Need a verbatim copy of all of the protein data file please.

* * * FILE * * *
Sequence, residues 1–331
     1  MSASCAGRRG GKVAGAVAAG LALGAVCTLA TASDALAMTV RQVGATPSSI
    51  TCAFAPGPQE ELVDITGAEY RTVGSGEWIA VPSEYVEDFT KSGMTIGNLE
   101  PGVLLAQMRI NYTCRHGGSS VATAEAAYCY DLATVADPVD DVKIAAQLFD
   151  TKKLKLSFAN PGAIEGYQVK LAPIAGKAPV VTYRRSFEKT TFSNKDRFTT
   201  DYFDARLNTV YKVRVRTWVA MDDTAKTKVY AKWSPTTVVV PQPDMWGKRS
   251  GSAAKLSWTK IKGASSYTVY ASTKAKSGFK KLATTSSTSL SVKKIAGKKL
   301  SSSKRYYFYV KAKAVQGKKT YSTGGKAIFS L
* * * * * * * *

Sequence, residues 1–331
     1  MSASCAGRRG GKVAGAVAAG LALGAVCTLA TASDALAMTV RQVGATPSSI
    51  TCAFAPGPQE ELVDITGAEY RTVGSGEWIA VPSEYVEDFT KSGMTIGNLE
   101  PGVLLAQMRI NYTCRHGGSS VATAEAAYCY DLATVADPVD DVKIAAQLFD
   151  TKKLKLSFAN PGAIEGYQVK LAPIAGKAPV VTYRRSFEKT TFSNKDRFTT
   201  DYFDARLNTV YKVRVRTWVA MDDTAKTKVY AKWSPTTVVV PQPDMWGKRS
   251  GSAAKLSWTK IKGASSYTVY ASTKAKSGFK KLATTSSTSL SVKKIAGKKL
   301  SSSKRYYFYV KAKAVQGKKT YSTGGKAIFS L